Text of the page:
Friday, April 06, 2007

Fast ForWord, Ga, mental time-keeping...some musings

Recently there has been some NASP listserv chatter regarding the Fast ForWord neurotechnology intervention program (click here) for kids with language or reading disabilities.

I've still not reviewed the intervention articles, but instead, have tried to find time to read some of the theoretical/empirical foundational literature that serves as the basis for the intervention. In the process I stumbled upon a nice overview of the conceptual/theoretical/research literature as articulated by one of the authors of this intervention program. The article was published (2003) in the prestigious (and one of my favorite) journals--Current Directions in Psychological Science.
  • Tallal, P. (2003). Language learning disabilities: Integrating research approaches. Current Directions in Psychological Science, 12 (6), 206-211 (click to view).
Below are a few select quotes from the article:
  • Why should the rate of auditory processing play such a critical role in normal as well as aberrant language development? One answer comes from an analysis of the acoustic properties of speech, which shows that the ability to track brief, rapidly successive frequency changes within the acoustic waveform of speech (known as formant transitions) is crucial for language development.
  • Benasich and I (Benasich Tallal, 2002) have hypothesized that individual differences in rapid-auditory-processing thresholds, which can be observed in infancy, affect what each brain binds together as nearly simultaneous, and this significantly affects the grain analysis that will be represented for speech. Substantial behavioral and physiological evidence shows that many individuals with early oral-language impairments are impaired in processing brief, rapidly successive acoustic cues within the tens of milliseconds needed for optimal phoneme representation. Similarly, many people with reading impairments (dyslexia) are characterized by deficits that reflect a difficulty segmenting words into sharply represented, discrete phonemes. This skill is critical for learning letter-sound associations. has been hypothesized that the high incidence of co-occurrence developmental oral- and writtenlanguage impairments is the result of common phonological deficits for a review, see Habib, 2000).
  • However, more recent research has challenged that perspective. Physiological studies have demonstrated that sensory neural maps can be significantly altered at the cellular level by intensive be-havioral training, even in adult animals. Of particular relevance to LLI are animal studies demonstrating that the capacity to segment rapidly successive auditory events can be sharpened by behavioral training based on Hebbian learning principles (Recanzone et al., 1993). On the basis of these studies, my colleagues and I (Merzenich et al., 1996; Tallal et al., 1996) hypothesized that it may be possible to improve the capacity of children with LLI to process the rapidly successive acoustic changes within ongoing speech. With the aid of computer technology, we developed a novel training approach (Fast For-Word®) disguised as a series of computer games. In a series of experiments, we studied the effectiveness of these games in improving the linguistic abilities of children with LLI. In one game, subjects indicate the temporal order of tones that are either rising or falling in pitch. The tones are designed to cover the range of frequencies and speeds that typify the acoustic frequency changes that occur in formant transitions in consonants. The computer program adaptively changes (increases or decreases) the duration of each tone and the rate at which one tone follows another based on each subject’s trial-by-trial performance, with the goal of increasing the ability to process more rapidly changing acoustic stimuli. In another approach, we use a computer algorithm to acoustically modify (amplify and temporally extend) the rapidly successive acoustic changes that occur within ongoing speech. This acoustically modified speech signal is used in a series of games to train language comprehension at all levels, from the phoneme to the whole sentence. As linguistic performance improves, the amount of acoustic modification adaptively decreases so that the stimuli become increasingly more like the stimuli that occur in normal speech.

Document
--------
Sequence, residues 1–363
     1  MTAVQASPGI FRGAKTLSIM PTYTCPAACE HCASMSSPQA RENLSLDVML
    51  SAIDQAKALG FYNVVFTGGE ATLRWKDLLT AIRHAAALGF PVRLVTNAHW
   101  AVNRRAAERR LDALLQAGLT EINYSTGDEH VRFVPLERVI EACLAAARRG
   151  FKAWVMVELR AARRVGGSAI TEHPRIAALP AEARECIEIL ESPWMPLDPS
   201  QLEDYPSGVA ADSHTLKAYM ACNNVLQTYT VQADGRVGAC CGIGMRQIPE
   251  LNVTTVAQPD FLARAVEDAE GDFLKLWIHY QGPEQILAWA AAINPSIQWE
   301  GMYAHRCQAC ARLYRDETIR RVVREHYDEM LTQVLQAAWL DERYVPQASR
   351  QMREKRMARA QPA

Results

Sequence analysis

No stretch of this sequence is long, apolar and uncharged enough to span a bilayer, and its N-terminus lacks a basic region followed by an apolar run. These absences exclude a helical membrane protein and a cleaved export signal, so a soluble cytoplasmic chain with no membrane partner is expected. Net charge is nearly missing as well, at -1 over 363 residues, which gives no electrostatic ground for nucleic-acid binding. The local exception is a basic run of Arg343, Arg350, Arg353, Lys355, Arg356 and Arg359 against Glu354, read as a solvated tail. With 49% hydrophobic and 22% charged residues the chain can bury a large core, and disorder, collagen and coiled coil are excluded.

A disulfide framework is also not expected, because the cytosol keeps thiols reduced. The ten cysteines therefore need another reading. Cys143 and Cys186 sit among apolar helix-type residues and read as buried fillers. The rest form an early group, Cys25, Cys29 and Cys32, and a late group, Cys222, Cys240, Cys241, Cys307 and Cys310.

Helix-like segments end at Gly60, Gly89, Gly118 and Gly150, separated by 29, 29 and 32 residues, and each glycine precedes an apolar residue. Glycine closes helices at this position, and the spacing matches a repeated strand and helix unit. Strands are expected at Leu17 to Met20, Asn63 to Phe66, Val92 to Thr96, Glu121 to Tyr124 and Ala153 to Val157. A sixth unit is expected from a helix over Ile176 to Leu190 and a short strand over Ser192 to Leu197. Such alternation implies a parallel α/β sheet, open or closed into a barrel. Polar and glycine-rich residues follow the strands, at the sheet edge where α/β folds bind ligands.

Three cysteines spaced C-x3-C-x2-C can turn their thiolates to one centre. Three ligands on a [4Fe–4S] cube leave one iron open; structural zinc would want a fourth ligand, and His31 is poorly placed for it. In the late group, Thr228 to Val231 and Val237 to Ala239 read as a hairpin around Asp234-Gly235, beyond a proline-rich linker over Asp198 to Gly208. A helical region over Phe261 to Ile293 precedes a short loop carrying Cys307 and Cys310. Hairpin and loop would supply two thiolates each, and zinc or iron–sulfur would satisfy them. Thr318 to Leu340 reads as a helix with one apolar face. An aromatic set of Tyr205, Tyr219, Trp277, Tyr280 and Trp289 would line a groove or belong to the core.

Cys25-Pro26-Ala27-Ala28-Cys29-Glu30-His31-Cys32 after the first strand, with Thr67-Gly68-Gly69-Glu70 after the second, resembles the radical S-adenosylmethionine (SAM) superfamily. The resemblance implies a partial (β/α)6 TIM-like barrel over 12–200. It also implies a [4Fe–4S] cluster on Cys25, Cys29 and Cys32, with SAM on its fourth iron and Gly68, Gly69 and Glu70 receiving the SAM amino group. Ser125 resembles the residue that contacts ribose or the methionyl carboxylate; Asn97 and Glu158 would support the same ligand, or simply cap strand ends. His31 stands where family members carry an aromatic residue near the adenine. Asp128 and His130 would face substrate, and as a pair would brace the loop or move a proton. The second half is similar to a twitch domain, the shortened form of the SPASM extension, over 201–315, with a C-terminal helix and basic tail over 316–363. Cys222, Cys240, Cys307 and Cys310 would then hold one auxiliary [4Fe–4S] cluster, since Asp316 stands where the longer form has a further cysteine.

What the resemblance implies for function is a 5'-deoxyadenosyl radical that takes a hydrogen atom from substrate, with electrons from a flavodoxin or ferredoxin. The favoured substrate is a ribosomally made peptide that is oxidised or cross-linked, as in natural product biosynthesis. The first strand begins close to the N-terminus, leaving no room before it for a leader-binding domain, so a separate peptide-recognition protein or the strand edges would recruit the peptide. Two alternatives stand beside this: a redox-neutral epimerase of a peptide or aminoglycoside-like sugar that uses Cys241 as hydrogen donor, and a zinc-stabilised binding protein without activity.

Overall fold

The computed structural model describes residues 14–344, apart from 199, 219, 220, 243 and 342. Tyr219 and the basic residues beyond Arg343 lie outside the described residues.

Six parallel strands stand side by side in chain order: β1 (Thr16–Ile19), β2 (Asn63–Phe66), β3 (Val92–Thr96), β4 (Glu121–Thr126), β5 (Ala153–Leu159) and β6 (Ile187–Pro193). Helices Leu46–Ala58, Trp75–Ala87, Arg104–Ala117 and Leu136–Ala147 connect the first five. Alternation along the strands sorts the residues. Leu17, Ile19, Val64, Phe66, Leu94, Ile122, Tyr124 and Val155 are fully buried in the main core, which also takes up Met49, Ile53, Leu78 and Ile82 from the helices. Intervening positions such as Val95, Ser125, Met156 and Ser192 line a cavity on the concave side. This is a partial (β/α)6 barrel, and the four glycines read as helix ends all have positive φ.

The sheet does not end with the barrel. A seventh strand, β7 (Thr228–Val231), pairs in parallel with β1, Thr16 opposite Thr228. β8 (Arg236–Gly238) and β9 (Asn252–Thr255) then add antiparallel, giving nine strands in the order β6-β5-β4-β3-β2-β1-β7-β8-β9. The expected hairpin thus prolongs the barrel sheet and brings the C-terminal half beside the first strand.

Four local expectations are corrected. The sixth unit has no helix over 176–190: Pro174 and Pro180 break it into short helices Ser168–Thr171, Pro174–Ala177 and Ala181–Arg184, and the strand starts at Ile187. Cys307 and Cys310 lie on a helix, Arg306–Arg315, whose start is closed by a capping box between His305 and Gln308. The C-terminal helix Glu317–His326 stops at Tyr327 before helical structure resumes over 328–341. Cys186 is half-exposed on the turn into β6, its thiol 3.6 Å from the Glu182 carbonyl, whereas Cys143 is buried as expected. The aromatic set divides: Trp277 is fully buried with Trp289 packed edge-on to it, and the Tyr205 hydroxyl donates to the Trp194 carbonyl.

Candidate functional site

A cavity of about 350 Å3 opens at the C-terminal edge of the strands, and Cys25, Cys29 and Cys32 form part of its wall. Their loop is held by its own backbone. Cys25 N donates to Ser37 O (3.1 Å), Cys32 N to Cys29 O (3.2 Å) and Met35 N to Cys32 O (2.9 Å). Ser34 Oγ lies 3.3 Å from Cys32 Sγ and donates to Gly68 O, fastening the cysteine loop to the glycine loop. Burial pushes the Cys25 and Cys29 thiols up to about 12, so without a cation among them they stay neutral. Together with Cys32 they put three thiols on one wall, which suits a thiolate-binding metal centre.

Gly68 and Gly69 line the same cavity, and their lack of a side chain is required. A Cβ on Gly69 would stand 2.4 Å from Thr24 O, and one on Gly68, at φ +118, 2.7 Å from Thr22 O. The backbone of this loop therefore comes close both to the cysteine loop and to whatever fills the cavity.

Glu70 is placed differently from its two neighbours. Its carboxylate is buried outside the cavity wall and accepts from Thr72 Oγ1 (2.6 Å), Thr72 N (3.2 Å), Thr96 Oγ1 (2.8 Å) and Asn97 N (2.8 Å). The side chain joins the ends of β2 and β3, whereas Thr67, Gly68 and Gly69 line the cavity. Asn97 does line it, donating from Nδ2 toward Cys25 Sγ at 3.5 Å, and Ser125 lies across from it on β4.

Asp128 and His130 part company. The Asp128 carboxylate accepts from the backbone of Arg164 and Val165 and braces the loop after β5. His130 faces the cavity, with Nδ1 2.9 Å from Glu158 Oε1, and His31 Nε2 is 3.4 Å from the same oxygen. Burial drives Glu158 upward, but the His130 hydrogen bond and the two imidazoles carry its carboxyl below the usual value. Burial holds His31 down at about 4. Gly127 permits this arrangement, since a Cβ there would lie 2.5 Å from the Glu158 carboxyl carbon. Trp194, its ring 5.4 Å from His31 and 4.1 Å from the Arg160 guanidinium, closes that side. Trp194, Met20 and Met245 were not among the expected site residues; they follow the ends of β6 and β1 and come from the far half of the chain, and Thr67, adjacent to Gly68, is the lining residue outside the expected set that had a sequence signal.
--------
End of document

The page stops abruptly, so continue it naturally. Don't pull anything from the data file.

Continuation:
• These results support the hypothesis that basic acoustic frequency and temporal (spectrotemporal) processing constraints play a significant role in LLI. Furthermore, they demonstrate that training using acoustically modified speech can ameliorate these processing constraints, as well as the effect they have on speech and language processing. Habib et al. (2002) obtained similar results in an independent study with French children with dyslexia.
I haven't had time to think this all through, but the focus on rapid temporal processing seems to have some parallels to the theoretical and intervention research related to my interest in the IQ Brain Clock--that is, mental or interval time-keeping. I sense some connections....I need to let things percolate in my cortex for a while. Comments by those who can make these connections quicker are appreciated.

Also, this research suggests that there are likely some yet specified narrow Ga (auditory processing) abilities that need to be investigated for possible inclusion in the CHC theory of cognitive abilities.

So many interesting articles to little time

PS - I just recalled a related post at IQ's Corner re: rapid auditory gap detection.

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